The UAE Traffic Law prohibits children under the age of 10 to sit in the front seat. Instead, they should be buckled up in the back. The police strongly recommend that toddlers and babies sit in child seats, which can reduce fatal injuries by more than 70% for infants and 54% for toddlers.

Sadly the statistics speak for themselves. Traffic accidents are the UAE’s Number One Infant Killer, with more than 62% of infant mortality caused by some form of accident involving a car. This is not surprising, when apparently only 2% of infants in the UAE are actually retrained in a proper car safety seat.

How to do it right:

Weight-based car seats

Your baby will need to be in a rear-facing car seat until he weighs more than 9kg. However, there’s no need to move him to a new seat as soon as he reaches this weight. In fact, it’s safest for him to stay rear-facing for as long as possible. You only need a new seat when the top of your baby’s head is level with the top of the seat, this is a big change, since before this new regulation babies were turned front facing from 9 months onwards.

When your baby reaches 15kg to 25kg, he can use a child booster seat instead of a baby seat. And once he’s over 22kg, he can use a booster cushion.

Height-based car seats

These new seats are known as i-Size seats, and can only be used in cars with Isofix points (Check your car manufacturer, if the Isofix is installed). If you choose this type of seat, your baby will need to be rear-facing until he’s over 15 months. After that, you can use any i-Size seat that’s appropriate for his height.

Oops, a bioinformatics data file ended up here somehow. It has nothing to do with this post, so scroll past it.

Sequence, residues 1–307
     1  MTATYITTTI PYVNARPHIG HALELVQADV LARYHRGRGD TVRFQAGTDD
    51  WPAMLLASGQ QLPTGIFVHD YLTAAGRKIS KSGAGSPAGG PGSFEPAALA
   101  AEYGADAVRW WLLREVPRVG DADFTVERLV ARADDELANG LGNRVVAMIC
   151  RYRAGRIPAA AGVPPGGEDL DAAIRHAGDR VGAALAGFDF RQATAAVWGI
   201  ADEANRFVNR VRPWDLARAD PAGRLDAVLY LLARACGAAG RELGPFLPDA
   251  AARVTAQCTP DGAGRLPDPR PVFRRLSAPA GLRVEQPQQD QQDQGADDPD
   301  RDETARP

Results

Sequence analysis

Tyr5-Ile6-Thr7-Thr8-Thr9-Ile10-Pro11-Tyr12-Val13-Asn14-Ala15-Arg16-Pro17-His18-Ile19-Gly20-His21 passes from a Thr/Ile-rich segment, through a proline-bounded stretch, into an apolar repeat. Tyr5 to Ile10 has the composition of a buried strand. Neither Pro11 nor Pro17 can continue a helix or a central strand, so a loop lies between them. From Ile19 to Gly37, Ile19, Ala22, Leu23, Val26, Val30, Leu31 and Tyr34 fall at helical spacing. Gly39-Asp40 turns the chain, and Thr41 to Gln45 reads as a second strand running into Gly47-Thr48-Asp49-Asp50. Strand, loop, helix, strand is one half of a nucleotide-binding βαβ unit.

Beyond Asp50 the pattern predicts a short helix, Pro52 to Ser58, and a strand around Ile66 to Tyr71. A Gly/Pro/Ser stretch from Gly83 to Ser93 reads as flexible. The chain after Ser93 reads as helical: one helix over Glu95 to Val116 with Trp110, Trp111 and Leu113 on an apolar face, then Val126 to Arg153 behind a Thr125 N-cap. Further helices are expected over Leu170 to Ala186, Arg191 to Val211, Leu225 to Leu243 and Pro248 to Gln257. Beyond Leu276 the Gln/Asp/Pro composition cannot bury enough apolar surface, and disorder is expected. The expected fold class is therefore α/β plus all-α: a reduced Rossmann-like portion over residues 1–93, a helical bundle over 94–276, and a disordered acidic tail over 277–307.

Whichever type you choose, never put a rear-facing seat in the front of your car if it has an active airbag. Even for forward-facing seats, check that it’s safe to use them with your car’s airbag before putting them up front.

Find out from your car’s handbook, or the manufacturer, how far the bag inflates, and make sure the car’s seat is as far back from the dashboard as possible. Only put your child in the front if you have no other choice.

Car Seat Groups

There are different categories of car seats suitable for different age ranges. Those that meet European safety regulations will have an E and 44.03/44.04 or .03/.04 on the label, meaning they meet European safety regulations. They’ll also show the group number, or weight range of child, for which it is designed. The new i-Size seats are slightly different, as explained below.

Weight ranges may vary from one manufacturer to another, but they tend to follow these guidelines:

  • Group 0 and Group 0+: rear-facing infant carriers for children up to 10kg and up to 13kg respectively (from birth to nine or 12 months).
  • Group 1: child seats for children 9kg to 18kg (about nine months to four years).
  • Group 2 and 3: Full booster seats and cushions for children from 15kg to 25kg (about three and half years to six years) and from 22kg and up to 36kg (about six years to 12 years). Many models in these groups can be modified to accommodate your child as he grows.

What’s wrong with children using adult seat belts?

If your child uses an adult seatbelt before he is tall enough, the lap part of the belt sits too high on his stomach. In a crash this could damage his internal organs. There is also a risk of him slipping under the belt.

source: JustKidding / Dutchkid FZCO